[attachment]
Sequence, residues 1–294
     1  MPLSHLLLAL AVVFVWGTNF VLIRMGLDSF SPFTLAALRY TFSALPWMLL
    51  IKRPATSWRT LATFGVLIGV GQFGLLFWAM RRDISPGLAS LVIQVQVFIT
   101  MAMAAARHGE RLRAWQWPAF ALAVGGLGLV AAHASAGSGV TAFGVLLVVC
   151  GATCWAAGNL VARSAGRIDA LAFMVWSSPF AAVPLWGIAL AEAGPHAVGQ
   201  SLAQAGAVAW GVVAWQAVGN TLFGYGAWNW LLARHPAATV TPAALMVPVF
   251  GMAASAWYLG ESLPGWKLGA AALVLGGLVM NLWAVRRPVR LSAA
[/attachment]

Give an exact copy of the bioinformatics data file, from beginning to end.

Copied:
Sequence, residues 1–294
     1  MPLSHLLLAL AVVFVWGTNF VLIRMGLDSF SPFTLAALRY TFSALPWMLL
    51  IKRPATSWRT LATFGVLIGV GQFGLLFWAM RRDISPGLAS LVIQVQVFIT
   101  MAMAAARHGE RLRAWQWPAF ALAVGGLGLV AAHASAGSGV TAFGVLLVVC
   151  GATCWAAGNL VARSAGRIDA LAFMVWSSPF AAVPLWGIAL AEAGPHAVGQ
   201  SLAQAGAVAW GVVAWQAVGN TLFGYGAWNW LLARHPAATV TPAALMVPVF
   251  GMAASAWYLG ESLPGWKLGA AALVLGGLVM NLWAVRRPVR LSAA